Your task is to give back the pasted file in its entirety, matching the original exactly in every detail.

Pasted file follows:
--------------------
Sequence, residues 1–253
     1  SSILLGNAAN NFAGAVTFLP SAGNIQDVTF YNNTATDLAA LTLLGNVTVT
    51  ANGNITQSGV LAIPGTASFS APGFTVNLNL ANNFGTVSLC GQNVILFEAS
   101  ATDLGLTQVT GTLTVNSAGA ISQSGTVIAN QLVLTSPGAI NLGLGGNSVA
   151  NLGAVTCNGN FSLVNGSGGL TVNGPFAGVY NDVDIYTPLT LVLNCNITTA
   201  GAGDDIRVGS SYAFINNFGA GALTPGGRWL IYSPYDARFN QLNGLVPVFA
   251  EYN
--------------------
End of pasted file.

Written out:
Sequence, residues 1–253
     1  SSILLGNAAN NFAGAVTFLP SAGNIQDVTF YNNTATDLAA LTLLGNVTVT
    51  ANGNITQSGV LAIPGTASFS APGFTVNLNL ANNFGTVSLC GQNVILFEAS
   101  ATDLGLTQVT GTLTVNSAGA ISQSGTVIAN QLVLTSPGAI NLGLGGNSVA
   151  NLGAVTCNGN FSLVNGSGGL TVNGPFAGVY NDVDIYTPLT LVLNCNITTA
   201  GAGDDIRVGS SYAFINNFGA GALTPGGRWL IYSPYDARFN QLNGLVPVFA
   251  EYN